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The Providence Performing Arts Center is the second largest theater in New England. It seats 3200 people and it originally opened as a Loew's movie theater in 1928. It was added to the National Register of Historic Places after its 1977 renovation. In this baroquely elegant space, the stage is set for Broadway musicals and concerts. Events as diverse as a Jackson Browne concert or The Sound of Music can be found on this venerable establishment's schedule. Located downtown on Weybosset Street, PPAC (pronounced Pea-Pac, as it is known locally) is close to many downtown hotels as well as other attractions.
The Rhode Island School of Design is one of the country's leading art schools and it has a museum to match this lauded reputation. Located on colonial Benefit Street, RISD museum traces the history of art from antiquity to the present day through more than 85,000 works of art from all over the world. There are also collections showing Providence's history as a manufacturing center for silver, but the main galleries are categorized as follows: The Grand Gallery, Early Renaissance & Medieval, Ancient Greek & Roman, Contemporary & Modern and Decorative Arts & Design.
In 1764, three men from Newport established 'The College in the English Colony of Rhode Island and Providence Plantations'. For the sake of brevity, it was shortened to Brown University in 1804. It is one of the original eight Ivy League Colleges. Standing strong ever since its inception in 1764, Brown University boasts an excellent educational offering which spans diverse disciplines including engineering, design, ancient studies, archaeology, academics and sciences among others. However, the university bears as much brilliance in its architecture as it does in its academics. Its campus is laden with exceptional examples of late 18th-century architecture residing around the Wriston and Simmons quadrangles, as well as those on the Pembroke College campus, and along Benefit Street. The college remains one of the most prestigious educational institutions in the United States.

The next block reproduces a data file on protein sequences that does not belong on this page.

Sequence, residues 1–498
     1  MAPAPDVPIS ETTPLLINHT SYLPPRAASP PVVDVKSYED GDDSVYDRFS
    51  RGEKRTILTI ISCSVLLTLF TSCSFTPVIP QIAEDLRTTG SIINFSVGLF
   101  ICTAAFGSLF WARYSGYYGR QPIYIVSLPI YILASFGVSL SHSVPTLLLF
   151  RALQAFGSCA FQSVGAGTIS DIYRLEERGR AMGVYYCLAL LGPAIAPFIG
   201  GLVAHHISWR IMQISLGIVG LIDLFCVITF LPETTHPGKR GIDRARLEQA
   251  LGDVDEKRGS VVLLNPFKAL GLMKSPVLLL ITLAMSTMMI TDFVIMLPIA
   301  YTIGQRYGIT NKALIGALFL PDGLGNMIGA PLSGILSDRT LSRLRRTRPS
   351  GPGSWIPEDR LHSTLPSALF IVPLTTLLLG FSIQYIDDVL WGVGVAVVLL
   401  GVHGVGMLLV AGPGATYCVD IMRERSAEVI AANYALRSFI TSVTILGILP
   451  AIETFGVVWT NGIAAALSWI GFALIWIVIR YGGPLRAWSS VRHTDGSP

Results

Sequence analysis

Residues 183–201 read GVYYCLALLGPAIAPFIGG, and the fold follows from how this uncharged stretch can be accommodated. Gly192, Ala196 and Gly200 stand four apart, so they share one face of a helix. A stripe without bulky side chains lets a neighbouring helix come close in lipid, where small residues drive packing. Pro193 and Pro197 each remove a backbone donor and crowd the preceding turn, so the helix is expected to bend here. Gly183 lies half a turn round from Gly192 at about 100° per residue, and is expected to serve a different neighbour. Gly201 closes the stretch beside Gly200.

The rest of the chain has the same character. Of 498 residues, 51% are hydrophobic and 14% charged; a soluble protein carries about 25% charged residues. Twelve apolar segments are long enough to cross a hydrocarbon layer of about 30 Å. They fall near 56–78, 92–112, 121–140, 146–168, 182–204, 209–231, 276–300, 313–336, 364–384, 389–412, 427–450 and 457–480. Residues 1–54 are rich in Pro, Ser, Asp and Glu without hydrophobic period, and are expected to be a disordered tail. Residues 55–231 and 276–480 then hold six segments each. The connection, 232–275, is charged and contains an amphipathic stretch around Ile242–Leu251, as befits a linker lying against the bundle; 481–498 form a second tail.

The winding sculpted paths of this park named after one of Rhode Island's founding fathers will allow you to see more than 900 different zoo animals. There are giraffe, zebra and cheetah habitats as well as an open-air aviary which allows visitors an up-close look at the birds. Some of the animals with more exotic names include the Babirusa, the Binturong, the Aoudad or the amphibious and endangered Axolotl. The exhibits also feature different geographical regions and environments, such as Australasia and North America or a Wetlands Trail and a Marco Polo Adventure Trek. The zoo is always hosting events that focus on conservation, environmental stewardship and an overall zoological education for schools throughout the greater Providence area.
The Providence Children's Museum is a hands-on place of fun and learning for children as well as adults. Here, children can explore the awesome power of air, light and sound in the exhibit entitled Play Power or splash around in Water Ways, a wet and wild playscape of pumps and fountains. There is also Littlewoods, a whimsical woodland environment made especially for younger toddlers. Some educational exhibits include activities that investigate Rhode Island plants, trees and shrubs in the Children's Garden or little guys can go on a time-traveling adventure, solve bridge-building challenges and do much, much more!